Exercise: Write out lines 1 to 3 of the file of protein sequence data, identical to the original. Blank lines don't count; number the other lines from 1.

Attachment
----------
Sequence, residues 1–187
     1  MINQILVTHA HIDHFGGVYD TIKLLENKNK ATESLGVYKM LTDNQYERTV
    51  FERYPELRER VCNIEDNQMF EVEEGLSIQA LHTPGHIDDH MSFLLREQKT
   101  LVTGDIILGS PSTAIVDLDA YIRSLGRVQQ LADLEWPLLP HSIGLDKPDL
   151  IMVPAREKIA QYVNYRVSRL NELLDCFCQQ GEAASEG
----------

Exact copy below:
Sequence, residues 1–187
     1  MINQILVTHA HIDHFGGVYD TIKLLENKNK ATESLGVYKM LTDNQYERTV
    51  FERYPELRER VCNIEDNQMF EVEEGLSIQA LHTPGHIDDH MSFLLREQKT